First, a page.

• Influencers usually funnel their audiences onto other platforms (i.e. private Discord, Slack etc) – where things can happen without the control of the original platform
      • In more closed, private communities – people become more open and talk about things they wouldn’t in public platforms
    • YouTube
      • Main way of bidirectional communication is comments on videos between creators and community members
      • Since video is more complex than image/text – content is less frequent but engagement is higher and so are quality expectations
      • To find similar content – use the recommendation algorithm, find the tags the creator has used on their videos, try playlists and look for who comments on videos
      • What questions should you ask members of YouTube?
        • Which channels have the most insightful content for this industry?
        • Reach out to creators – What kinds of problems do people often suggest you create videos around?
        • Where do people who watch these videos usually hang out?
    • LinkedIn – THE professional social network
      • Join groups where professionals congregate – you need to request access to these
      • Connect with the major professionals in your target audience – they will point you to content/conversations to participate in
        • Start with titans of industry and follow their connections/followers who are most engaged/say meaningful things
        • AVOID recruiters – they aren’t there to engage with you but recruit you for their own purposes
  • Online communities – focused more on subject matter (not a central feed)
    • Reddit – a community hub of subreddits each with their own rules
      • Finding the whole network of a community can be done by joining related subreddits (usually linked in the subreddit’s sidebar) until you can’t find any more
      • Most conversations are held in public comments, with little user-to-user private conversations happening
      • Tips for Reddit
        • Most subreddits have sticky posts – usually of lists of great resources/FAQs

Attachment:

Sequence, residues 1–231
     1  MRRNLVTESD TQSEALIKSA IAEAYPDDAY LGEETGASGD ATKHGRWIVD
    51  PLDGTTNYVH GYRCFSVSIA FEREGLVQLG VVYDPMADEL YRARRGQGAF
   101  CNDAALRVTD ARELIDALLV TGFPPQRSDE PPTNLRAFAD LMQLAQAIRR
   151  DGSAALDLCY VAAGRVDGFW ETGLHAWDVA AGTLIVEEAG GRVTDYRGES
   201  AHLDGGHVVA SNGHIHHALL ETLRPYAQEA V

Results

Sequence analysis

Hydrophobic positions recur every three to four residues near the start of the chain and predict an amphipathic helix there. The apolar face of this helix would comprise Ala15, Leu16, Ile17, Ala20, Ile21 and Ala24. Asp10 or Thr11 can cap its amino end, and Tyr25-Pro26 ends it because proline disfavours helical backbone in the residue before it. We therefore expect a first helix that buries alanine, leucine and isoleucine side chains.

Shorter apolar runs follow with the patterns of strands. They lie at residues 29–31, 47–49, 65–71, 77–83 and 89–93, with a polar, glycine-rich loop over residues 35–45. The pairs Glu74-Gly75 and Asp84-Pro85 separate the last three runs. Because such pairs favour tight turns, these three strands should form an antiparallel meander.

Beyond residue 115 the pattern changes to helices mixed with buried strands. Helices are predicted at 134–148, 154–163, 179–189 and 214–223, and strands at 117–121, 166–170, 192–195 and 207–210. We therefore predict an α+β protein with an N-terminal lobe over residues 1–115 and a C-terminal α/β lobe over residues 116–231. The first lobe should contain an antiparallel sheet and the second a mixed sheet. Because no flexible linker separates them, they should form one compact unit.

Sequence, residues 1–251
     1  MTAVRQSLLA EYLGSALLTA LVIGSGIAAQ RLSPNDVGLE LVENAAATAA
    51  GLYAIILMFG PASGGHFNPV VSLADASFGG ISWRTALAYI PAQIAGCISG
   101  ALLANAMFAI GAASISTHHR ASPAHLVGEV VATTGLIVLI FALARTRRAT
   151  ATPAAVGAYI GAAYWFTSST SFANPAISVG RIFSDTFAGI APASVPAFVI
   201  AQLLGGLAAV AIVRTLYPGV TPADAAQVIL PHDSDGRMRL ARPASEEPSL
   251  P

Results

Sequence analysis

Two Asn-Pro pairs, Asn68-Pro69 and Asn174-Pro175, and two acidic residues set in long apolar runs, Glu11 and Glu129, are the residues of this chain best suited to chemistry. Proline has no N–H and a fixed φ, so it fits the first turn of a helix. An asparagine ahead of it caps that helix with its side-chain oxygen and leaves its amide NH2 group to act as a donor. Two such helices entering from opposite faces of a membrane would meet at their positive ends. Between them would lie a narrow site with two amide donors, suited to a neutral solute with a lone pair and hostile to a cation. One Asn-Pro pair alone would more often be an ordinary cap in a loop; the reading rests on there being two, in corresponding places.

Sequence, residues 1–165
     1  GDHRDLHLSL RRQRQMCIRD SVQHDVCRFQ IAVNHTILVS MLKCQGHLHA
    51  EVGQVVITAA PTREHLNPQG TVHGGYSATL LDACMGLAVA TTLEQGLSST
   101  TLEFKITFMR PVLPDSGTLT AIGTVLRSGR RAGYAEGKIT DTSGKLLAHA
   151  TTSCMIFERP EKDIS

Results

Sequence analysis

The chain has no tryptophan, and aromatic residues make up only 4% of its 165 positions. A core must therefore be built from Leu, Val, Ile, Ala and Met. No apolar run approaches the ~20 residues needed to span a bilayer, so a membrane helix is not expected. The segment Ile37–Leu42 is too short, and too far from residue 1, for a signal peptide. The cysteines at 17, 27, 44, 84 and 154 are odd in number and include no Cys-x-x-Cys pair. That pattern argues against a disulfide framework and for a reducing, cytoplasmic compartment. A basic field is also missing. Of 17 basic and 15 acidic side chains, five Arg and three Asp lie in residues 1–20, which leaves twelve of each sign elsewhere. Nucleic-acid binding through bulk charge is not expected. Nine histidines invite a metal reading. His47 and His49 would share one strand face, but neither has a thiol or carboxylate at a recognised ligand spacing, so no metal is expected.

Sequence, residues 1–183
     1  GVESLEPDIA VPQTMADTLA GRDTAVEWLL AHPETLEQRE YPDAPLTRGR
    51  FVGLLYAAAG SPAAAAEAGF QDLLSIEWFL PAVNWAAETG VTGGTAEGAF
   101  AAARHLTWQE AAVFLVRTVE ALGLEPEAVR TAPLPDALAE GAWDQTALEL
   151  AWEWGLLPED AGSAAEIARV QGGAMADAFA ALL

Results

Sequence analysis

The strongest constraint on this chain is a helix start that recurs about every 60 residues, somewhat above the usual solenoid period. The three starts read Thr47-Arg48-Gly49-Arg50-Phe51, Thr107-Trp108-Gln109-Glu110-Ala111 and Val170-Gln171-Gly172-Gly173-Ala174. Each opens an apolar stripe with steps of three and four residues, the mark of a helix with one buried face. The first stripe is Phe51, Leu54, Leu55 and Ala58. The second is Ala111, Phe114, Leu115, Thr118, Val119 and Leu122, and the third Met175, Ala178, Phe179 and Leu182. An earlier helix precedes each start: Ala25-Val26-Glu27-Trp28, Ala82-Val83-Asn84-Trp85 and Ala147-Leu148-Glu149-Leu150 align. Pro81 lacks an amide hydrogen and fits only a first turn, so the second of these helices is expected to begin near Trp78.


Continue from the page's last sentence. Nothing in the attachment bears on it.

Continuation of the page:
• Sometimes there are Weekly Advertising posts on subreddits to allow advertisements only in that post – pay attention to solutions being advertised
    • Quora – Q&A platform
      • Best-case – you can just ask questions you want your target audience to answer
      • Worst-case – Quora makes a great research/info archive for problem spaces
        • Search for past questions relevant to your niche – then follow the most prolific responders and see other questions they answered/interview them
      • Follow “Spaces” to show new/relevant questions and discussions/people
    • Slack
      • Slack isn’t just for professionals anymore – it integrates text channels, groups, DMs, voice channels into one platform for any purpose
        • Since Slack is private – people are more open and speak more candidly
      • Tips for Slack
        • Many Slacks are invite-only but you can find links to auto-invite pages if you ask your target audience
        • Threads are great to find what people are struggling with and need deeper discussion on
    • Discord – like Slack but more casual/enjoyable experience
    • Podcasts
      • To find out who to follow in a community, find podcasts in your field and the list of guests they’ve interviewed
      • Build relationships with podcast hosts – they’re involved with the audience community (through interviews/interactions) regularly – let them know what you’re working on
      • How can you spot problems and challenges in podcast communities?
        • Listen to the most recent episodes – figure out which challenges/problems are regularly addressed by multiple guests